There was a drop in lead levels for both Aboriginal and non-Aboriginal children last year, according to the latest Lead Report by the Far West Local Health District.
Health Protection Manager, Ms Priscilla Stanley, said whilst there was a decrease in the total number of children screened overall, the proportion of children having lead levels below 5 ug/dL slightly increased.
Significant outcomes in the 2018 annual lead health report were:
- 637 children were screened (a decrease of 13% from 2017) The geometric lead mean level (age-sex standardized) for all children (1 to < 5 years) decreased slightly from 5.7 ug/dL in 2017 to 4.7 ug/dL in 2018.
- The mean result for Aboriginal children decreased from 8.7 in 2017 to 7.9 ug/dL in 2018.
- The non-Aboriginal children mean result decreased from 4.6 in 2017 to 4.0 ug/dL in 2018.
The temporary closure and move of the Child and Family Health Centre to new premises in June 2018 and later in the year staff vacancies, resulted in fewer clinics and will have contributed to the decreased number of non-Aboriginal children tested.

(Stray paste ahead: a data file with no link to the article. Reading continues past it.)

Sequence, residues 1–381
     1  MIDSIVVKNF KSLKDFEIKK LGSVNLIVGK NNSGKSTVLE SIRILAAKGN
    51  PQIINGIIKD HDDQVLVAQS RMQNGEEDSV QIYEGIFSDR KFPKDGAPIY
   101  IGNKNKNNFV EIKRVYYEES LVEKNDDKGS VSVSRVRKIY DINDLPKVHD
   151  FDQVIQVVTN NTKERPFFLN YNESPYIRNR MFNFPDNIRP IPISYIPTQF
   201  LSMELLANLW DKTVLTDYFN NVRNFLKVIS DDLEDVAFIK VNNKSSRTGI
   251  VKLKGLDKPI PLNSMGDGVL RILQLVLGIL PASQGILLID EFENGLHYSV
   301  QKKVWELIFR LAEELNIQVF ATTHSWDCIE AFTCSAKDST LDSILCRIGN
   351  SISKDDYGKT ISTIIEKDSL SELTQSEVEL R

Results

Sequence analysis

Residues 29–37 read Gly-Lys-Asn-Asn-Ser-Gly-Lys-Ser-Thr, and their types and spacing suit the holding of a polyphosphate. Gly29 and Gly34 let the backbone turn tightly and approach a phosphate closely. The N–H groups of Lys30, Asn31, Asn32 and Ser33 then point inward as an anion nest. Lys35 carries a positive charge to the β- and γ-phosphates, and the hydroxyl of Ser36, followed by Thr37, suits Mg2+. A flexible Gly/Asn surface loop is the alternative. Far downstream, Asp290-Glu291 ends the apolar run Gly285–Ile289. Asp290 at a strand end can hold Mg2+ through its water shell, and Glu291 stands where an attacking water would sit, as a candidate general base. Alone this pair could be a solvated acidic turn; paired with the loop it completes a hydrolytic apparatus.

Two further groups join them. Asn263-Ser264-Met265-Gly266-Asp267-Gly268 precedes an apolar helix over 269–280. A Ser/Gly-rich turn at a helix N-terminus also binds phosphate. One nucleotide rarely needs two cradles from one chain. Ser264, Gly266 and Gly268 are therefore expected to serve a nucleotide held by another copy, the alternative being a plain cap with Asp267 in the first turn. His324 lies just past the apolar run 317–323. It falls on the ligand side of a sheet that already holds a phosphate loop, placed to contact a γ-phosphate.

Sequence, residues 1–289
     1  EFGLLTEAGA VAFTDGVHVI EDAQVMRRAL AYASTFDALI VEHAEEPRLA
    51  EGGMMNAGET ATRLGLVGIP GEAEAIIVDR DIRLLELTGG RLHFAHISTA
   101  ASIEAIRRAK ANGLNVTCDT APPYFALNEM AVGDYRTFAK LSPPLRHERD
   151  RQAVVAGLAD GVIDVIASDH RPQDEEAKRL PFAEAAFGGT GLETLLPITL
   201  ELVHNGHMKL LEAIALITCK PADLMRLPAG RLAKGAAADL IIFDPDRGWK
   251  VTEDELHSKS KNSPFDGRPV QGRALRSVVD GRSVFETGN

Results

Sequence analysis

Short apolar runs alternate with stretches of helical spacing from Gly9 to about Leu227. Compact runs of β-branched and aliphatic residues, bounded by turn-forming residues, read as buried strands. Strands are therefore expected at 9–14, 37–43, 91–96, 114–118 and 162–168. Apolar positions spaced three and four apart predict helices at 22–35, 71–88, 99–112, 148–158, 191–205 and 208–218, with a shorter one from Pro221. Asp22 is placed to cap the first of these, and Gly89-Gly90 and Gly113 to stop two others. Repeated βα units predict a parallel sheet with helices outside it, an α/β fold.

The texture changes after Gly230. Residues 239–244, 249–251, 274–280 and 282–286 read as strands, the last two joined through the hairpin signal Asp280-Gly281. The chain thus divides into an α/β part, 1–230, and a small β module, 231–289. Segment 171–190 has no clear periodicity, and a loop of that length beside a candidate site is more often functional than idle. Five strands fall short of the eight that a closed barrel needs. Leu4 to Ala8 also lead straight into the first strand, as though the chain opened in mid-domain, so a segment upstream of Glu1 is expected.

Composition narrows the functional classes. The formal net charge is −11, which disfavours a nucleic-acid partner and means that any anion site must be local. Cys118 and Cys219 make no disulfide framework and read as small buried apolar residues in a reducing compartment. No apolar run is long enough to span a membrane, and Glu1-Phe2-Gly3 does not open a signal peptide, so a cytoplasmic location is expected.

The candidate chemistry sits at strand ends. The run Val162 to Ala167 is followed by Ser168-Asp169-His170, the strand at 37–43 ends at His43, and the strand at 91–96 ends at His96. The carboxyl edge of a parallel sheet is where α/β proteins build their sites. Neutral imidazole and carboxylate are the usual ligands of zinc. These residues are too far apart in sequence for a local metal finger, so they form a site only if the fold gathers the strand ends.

The 2018 Lead Report highlights the need for ongoing work to reduce blood levels for children, particularly those with an Aboriginal background. Maintaining the child blood lead monitoring program is an important public health initiative in Broken Hill.
The release of the 2018 Lead Report is a timely reminder to parents and carers that all children should continue to be tested annually until they are 5 years old.
Blood lead testing is free and available at the BH Community Health Centre (2-4 Sulphide Street) and Maari Ma Primary Health. The Community Health Centre can be contacted on 8080 1100 and Maari Ma Primary Health on 8082 9777.
NSW Health provides a range of resources including factsheets, response protocols and DIY sources to address elevated blood lead levels at www.health.nsw.gov.au.
The Far West Local Health District Lead Report 2018 – Broken Hill Children less than 5 years old is available at www.fwlhd.health.nsw.gov.au